• Helen Scott

One small thing I have done to make my life healthier....


Tropical Island

One small thing I have done to make my life healthier is to fall deeper and deeper in love with the coconut and all its derivatives. This surprises me somewhat as I remember honeymooning in South America 5 years ago with my husband guzzling fresh coconut water, the smell of which used to make me gag. Not terribly romantic. This feeling of nausea was only exacerbated a few years later when I had to make a quick dash to bathroom after smelling a friend’s coconut water kefir. Pungent was an understatement. Who would have thought that a few years on I would be writing about it in awe while sipping the very substance. Perhaps it is somewhat psychological too, in that every day the world is discovering more and more wondrous and nutritional benefits of the coconut, and that my addiction to it and its by-products, is growing in tandem.

First, nothing gets me out of bed quicker than a freshly opened coconut, to which I often add a teaspoon of chia seeds for added protein as well as energy, a tip I learnt from a marathon runner. Then at the end of the day, whether or not I have consumed alcohol (I don’t claim to be the healthiest person in this forum!) I finish with another glass of coconut water, the most naturally rehydrating drink on our planet. Not just for hangovers, it’s already replacing Lucozade and Pocari Sweat as the athlete’s drink of choice since loaded with electrolytes such as potassium and magnesium.

Moving onto the flesh, I love to mix the meat with a cacao nibs, granola and fresh strawberries for an anti-oxidant laden breakfast, and have just begun to ferment it with kefir to make dairy-free yoghurt. For a lunch dish, I sometimes cut the flesh into thin strips, resembling calamari, and mix them with cashews, steamed green beans and a dressing of chilli-infused olive oil with (you can guess…) coconut vinegar. The last is the latest addition to my kitchen’s growing coconut family.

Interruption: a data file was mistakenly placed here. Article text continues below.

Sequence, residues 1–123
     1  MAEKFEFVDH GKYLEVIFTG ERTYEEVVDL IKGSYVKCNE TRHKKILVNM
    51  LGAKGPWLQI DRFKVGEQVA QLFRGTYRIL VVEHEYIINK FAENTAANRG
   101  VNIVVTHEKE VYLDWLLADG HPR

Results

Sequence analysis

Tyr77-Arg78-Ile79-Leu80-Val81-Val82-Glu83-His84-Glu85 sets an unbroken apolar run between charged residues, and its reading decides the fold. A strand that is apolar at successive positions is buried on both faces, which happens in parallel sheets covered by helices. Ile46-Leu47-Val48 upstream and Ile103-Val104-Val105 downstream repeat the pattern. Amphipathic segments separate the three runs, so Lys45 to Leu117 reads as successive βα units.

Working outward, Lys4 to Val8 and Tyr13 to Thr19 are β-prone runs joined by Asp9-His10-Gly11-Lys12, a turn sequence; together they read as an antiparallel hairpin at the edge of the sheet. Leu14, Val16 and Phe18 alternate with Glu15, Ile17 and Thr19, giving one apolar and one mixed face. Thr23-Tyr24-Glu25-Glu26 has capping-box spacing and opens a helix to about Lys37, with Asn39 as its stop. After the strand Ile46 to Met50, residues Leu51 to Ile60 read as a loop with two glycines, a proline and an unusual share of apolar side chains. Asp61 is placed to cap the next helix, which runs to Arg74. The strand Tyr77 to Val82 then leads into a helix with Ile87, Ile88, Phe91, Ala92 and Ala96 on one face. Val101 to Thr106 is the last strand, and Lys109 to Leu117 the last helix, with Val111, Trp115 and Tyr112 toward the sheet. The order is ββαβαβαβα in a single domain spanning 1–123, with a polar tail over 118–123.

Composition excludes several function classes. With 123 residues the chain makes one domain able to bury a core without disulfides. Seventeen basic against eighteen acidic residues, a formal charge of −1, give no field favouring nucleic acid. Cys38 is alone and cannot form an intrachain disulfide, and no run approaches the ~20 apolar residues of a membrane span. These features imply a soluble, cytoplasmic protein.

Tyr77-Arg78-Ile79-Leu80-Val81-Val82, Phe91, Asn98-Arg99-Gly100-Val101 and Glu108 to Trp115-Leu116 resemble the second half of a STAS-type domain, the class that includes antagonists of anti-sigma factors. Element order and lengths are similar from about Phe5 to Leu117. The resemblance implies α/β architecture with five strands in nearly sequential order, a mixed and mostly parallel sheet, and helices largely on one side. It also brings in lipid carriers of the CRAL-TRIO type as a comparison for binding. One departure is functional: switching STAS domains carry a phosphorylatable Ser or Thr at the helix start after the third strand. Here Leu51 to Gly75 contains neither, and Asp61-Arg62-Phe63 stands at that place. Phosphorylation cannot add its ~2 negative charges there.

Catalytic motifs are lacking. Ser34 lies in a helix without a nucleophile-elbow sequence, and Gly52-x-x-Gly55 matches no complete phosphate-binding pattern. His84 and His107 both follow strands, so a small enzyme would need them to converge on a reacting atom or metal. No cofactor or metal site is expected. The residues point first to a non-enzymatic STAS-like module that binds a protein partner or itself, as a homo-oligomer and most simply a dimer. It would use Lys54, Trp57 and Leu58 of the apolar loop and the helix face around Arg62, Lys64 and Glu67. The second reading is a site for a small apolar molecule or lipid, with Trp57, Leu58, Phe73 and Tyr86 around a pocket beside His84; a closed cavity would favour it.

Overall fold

Onto supper, stirfries are a quick and easy option for the family, but it is coconut oil that I now prefer to olive and sesame, as studies have revealed toxicity when the latter two oils are heated to high temperatures. Admittedly I would rather not fry everything in coconut oil as the flavours do not always marry well, but a couple of odourless varieties on the market now make this more palatable.

Finally for dessert, I am fairly against refined sugar given its detrimental impact on our immune system, ageing process and most notably for me, the late afternoon slump. In my previous banking days, for fear of narcolepsy, I dreaded a 4pm meeting or frankly anything after lunch. However, thanks to my mother’s early fascination with health foods and refusal to grocery shop anywhere but Holland & Barratt (UK chain of health food stores), she persuaded me to eliminate the white evil, which is now about the only food substance I do avoid. While coconut sugar is definitely not your saint in comparison, as it still contains around 75% sucrose, it does retain a small amount of the coconut’s nutrients and possesses a lower glycemic index than regular white sugar, so another derivative that I keep in the cupboard.

With the coconut water sales growing 23% in 2013 to $800 million, this is definitely a booming industry and for the right reasons too. And I have really only mentioned a handful of its many uses so would love to hear your favourite coconut recipes and uses too!

#healthylivinghk #coconuts #onesmallthingihavedonetomakemylifehealthier

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